And, even more than all those “ooh, it can do lots of math even faster” comparisons, the thing that kept striking me – reading this, as I was, on an iPad Pro – was just the staggering technological capacity of everything I do with this device. It’s a multitouch touch screen, with a battery of onboard radios, enough storage space for every book ever written; it’s got a lovely keyboard and stylus, both of which attach using only magnets. This device is a miracle of modern technology, and I’ve gotten very used to it. Reading about the Altair 8800, with its toggle switches and LEDs, gave me just enough decontextualization to look at this magical slab of glass and think, wow. Wow.

After reading this book, I think that sort of moment is something Steve Jobs would’ve loved to see.

All in all, I really enjoyed the book, and I highly recommend it. It was nice to see a more balanced look into Jobs’ life, a more human side of the man who so indelibly shaped the modern world. Give it a read.

  1. Surprisingly difficult to validate this comparison to my own satisfaction – the Cray-2 was in the era of “here’s how many FLOPS this baby can do,” but these days it’s just “what’s the GeekBench score?” and there’s no direct comparison between the two.
  2. I couldn’t find the actual size-on-disk of the original MS-DOS release, but based on the limitations of the file system, I can reasonably assume it’d fit.
Categories
Technology

State of the Apps 2020

I suppose I’m making this a tradition, now, writing up what I have on my phone and what’s changed since last year. And why not? It’s fun, and it helps me a bit with the fact that I’ve let my blog post queue get very near empty.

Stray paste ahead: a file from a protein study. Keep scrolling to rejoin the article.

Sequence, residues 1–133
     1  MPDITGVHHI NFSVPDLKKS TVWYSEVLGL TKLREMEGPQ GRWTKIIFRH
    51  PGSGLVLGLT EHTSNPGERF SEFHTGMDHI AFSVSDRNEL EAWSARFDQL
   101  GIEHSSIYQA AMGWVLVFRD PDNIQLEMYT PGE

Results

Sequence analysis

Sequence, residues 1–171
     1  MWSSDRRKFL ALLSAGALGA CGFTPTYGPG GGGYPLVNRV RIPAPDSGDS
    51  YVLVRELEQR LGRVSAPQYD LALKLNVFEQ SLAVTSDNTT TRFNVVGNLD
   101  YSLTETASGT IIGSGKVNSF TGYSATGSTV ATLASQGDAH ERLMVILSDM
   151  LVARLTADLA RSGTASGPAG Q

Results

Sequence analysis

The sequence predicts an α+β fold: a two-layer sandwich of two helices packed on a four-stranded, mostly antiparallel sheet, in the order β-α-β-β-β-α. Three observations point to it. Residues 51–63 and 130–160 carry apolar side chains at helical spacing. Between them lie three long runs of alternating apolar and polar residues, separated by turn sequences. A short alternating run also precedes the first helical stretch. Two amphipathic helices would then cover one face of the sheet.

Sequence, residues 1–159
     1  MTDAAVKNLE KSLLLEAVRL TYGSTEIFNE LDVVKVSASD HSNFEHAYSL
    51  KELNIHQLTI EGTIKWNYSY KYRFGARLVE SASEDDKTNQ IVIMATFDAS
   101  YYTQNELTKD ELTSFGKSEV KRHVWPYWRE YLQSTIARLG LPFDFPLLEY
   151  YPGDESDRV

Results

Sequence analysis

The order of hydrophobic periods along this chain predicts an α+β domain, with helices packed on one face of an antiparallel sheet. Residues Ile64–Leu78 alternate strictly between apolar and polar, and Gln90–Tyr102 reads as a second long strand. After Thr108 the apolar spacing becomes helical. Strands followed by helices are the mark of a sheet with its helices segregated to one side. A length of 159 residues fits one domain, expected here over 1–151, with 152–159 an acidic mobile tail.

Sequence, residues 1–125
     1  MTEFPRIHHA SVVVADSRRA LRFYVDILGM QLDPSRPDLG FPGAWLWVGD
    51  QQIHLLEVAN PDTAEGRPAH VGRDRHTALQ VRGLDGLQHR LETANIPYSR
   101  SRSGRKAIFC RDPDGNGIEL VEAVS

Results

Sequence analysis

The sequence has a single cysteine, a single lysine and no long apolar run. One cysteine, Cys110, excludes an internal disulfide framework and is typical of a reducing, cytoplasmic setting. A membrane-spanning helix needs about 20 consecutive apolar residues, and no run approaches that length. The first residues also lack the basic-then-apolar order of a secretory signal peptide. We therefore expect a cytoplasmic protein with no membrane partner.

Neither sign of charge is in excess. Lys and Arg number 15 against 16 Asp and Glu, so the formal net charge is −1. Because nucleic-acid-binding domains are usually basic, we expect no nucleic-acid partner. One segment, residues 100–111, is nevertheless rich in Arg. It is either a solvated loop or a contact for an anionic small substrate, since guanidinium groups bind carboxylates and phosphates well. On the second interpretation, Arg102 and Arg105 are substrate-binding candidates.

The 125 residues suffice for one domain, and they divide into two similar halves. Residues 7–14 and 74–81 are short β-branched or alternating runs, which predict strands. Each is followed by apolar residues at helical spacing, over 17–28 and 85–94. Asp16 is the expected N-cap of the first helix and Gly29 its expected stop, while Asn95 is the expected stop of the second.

Screenshot of the iOS 14 'today' view, showing several widgets.
Screenshot of an iPhone home screen, with a mix of widgets and applications.

This year saw the release of iOS 14, and with it, the ability to put widgets directly on your home screen, and to banish apps from your home screen to the App Library. Both of which I have pretty thoroughly taken advantage of – though I’ve only got the one page of apps, I almost certainly have more apps installed this year than I did last year.

Widgets

Let’s do a quick look at my ‘widgets’ screen. I believe the official name is ‘Today View,’ but that’s a piece of information that I’m going to estimate seven people outside of Apple know off the top of their head, so we’ll move right along.

The upper half is a dashboard; at top left, we have a Smart Stack, showing Calendar above, and beneath it are a pair of Timery widgets that show me totals I want to keep an eye on throughout the day.

Top right, batteries; I used to think the idea of the bigger battery widget was ridiculous, but if I do everything precisely wrong, I can overwhelm it – think, phone, watch, AirPods with distinct battery levels, and the AirPods case, to boot. Still, I like that at-a-glance view, and I actually like that it doesn’t show percentages, it feels a lot lighter as a result.

Below that, I’ve got another Stack with a pair of Things widgets, showing my Today and Upcoming lists. I originally had a couple of my Areas displaying, as well, but found I wasn’t really using them.